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post #1 of 6 Old 03-21-2010 Thread Starter
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Just got lucky

Needing more storage, I decided to move the head intake from under the Vee Berth to a settee locker. Now that it's out I see the ball valve was a Home Depot type with an internal tapered thread on both ends (no real corrosion in fresh water) but there was a inch long crack on the side of the body. Looks like the PO did not drain for winter storage. Aside from the fact it was just screwed onto a thru hull. It looks like it was a disaster waiting to happen.

I have ordered a Groco flanged adapter base and a new ball valve. Will make a fiberglass backing plate to install in the new position.

Now that I have a 1" hole to repair under the Vee Berth I will ask the common question.

Do I grind 12:1 on both sides, or outside only then put a couple layers of glass on the inside. Have read Don Casey's book and the West System Fiberglass repair guide, but I am still hearing different opinions.

Plan to use epoxy and glass, starting with large circles and working smaller.

Also if the repair is done from one side (which would be the thickest repair), can I continue to laminate the whole repair or should I go half way, let cure, then continue.

David
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post #2 of 6 Old 03-21-2010
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doing it from both sides is stronger. if you dont have room you can do it from ust the out side
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post #3 of 6 Old 03-21-2010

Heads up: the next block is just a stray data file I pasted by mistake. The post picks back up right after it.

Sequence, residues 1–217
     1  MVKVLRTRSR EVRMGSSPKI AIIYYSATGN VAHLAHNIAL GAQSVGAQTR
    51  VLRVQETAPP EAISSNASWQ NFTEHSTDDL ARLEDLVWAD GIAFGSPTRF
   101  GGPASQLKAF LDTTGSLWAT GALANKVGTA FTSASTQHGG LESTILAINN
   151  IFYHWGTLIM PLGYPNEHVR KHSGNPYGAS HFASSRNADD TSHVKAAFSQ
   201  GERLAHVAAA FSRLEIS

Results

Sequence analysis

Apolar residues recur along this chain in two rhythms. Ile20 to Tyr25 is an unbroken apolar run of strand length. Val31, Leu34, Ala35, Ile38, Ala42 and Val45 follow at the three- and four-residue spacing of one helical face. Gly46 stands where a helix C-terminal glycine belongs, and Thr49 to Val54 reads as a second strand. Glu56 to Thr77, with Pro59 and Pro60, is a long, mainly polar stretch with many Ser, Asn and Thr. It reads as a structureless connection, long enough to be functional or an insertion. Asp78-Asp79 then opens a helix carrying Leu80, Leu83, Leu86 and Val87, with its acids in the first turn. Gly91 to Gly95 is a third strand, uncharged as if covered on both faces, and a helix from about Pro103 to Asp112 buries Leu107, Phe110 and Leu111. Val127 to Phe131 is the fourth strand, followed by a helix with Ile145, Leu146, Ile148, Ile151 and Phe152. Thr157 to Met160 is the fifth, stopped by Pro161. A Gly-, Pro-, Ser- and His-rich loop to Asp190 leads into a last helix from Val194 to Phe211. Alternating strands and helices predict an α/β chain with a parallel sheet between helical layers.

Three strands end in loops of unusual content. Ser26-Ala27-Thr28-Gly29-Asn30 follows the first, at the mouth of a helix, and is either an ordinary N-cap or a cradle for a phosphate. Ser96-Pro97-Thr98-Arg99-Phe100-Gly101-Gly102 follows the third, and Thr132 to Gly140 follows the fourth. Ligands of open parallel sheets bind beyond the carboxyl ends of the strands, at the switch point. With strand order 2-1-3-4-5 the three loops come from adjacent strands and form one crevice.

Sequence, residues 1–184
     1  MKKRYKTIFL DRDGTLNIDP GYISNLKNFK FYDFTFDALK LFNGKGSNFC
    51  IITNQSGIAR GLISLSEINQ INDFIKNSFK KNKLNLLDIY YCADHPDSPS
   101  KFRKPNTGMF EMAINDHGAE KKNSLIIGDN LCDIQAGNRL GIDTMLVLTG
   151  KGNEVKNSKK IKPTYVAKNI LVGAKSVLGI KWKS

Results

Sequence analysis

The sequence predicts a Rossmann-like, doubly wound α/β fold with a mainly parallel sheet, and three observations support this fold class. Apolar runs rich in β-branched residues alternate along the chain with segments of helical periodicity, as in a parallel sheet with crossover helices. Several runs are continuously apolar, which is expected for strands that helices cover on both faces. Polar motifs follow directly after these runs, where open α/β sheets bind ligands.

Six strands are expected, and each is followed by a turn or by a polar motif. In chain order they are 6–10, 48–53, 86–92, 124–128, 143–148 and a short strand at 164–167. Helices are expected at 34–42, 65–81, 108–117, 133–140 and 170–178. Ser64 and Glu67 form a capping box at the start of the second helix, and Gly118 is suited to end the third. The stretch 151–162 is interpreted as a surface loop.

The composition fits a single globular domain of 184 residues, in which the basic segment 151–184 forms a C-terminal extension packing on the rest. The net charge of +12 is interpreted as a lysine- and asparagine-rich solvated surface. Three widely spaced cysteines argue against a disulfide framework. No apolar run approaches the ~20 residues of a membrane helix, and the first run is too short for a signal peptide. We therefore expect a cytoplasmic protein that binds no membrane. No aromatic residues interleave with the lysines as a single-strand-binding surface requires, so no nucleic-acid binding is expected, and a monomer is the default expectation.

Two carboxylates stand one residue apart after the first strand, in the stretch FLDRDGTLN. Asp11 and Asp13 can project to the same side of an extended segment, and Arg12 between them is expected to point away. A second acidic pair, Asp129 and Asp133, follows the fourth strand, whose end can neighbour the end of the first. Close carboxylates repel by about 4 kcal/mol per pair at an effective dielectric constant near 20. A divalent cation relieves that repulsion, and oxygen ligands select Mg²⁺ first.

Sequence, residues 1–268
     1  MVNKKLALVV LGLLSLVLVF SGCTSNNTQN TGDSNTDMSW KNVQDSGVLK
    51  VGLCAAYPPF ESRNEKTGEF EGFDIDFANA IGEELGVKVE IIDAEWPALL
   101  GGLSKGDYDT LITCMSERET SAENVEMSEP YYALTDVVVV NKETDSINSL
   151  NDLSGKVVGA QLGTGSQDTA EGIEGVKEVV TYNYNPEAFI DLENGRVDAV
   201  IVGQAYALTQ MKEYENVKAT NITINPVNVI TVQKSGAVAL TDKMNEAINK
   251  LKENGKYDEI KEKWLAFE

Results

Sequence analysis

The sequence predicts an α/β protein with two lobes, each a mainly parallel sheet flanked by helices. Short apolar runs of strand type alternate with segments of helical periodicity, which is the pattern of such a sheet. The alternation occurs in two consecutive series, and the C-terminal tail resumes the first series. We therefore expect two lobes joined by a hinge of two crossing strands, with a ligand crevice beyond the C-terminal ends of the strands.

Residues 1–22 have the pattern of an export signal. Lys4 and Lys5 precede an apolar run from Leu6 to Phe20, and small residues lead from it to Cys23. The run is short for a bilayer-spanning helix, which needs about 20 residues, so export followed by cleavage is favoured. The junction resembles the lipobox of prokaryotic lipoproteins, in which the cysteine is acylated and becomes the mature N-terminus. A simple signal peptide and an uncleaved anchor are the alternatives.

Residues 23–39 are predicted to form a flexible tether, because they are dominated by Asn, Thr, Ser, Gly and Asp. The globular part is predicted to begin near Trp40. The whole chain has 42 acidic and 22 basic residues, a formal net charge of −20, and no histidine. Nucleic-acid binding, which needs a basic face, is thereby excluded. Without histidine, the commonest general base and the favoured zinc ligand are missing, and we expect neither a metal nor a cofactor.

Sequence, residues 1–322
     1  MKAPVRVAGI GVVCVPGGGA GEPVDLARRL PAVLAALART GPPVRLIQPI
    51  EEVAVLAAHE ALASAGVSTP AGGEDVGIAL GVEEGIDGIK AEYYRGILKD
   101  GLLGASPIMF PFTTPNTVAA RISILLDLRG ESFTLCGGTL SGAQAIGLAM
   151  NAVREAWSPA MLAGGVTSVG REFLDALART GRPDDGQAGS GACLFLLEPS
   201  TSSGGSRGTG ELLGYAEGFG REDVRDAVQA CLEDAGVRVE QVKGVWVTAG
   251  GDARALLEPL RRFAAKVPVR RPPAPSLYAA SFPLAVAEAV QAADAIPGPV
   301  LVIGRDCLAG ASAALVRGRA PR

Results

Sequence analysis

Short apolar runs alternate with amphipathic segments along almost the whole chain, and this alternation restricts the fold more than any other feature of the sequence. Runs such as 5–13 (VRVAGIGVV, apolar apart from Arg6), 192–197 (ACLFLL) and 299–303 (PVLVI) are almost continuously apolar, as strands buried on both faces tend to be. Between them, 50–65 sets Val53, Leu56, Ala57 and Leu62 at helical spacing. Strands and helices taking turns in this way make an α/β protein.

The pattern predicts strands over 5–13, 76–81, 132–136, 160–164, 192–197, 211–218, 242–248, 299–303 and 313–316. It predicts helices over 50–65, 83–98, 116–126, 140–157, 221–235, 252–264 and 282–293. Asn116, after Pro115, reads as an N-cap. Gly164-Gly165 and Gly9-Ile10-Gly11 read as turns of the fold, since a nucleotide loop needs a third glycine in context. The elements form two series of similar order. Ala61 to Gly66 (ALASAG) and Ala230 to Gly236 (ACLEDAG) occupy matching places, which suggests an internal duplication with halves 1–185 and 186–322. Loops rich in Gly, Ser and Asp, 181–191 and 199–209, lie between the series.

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If you've got good access, working from both sides is a far stronger way to do it. I would not let the epoxy fully cure, but apply the next layer after the epoxy has cured to the point it is still tacky but firm. If it cures much past that point and you're using an epoxy like West Systems, you may have a problem with amine blush forming.

I'd recommend you get your epoxy from epoxyproducts.com and the fiberglass from fiberglasssite.com. I've had very good experience with both of these vendors, especially paul at epoxyproducts.

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post #4 of 6 Old 03-21-2010
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There is an alternative if the conditions are favorable. If the hull is thick enough and the hole is small enough you can just hollow out the inside, wet it with epoxy and fill the hole with fiber thickened epoxy. You end up with a plug that cannot come out. I used a drill with a round rasp bit but a dremel would work too. This worked great for me on one boat where the hull was about an inch thick and the hole about the same. AND it was not in an area prone to impact. Other wise what the others have said is best.

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post #5 of 6 Old 03-21-2010 Thread Starter
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Thanks for the replys,

I do have some west system epoxy, is it a non blush epoxy??

If not I will order from epoxy products.

Thanks
David
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post #6 of 6 Old 03-21-2010
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West epoxy isn't non blushing. But that isn't a problem if you lay each successive layer on before the last sets hard. I've been using West for over 20 years with no problems. If it sets all you have to do is wash with a scotchbrite pad and a bit of water to remove blush. If you use a non blushing epoxy and let it set you'll have to sand before the next layer anyway. But if you add layers while the previous is still tacky no sanding is required between layers.

Brian
Living aboard in Victoria Harbour

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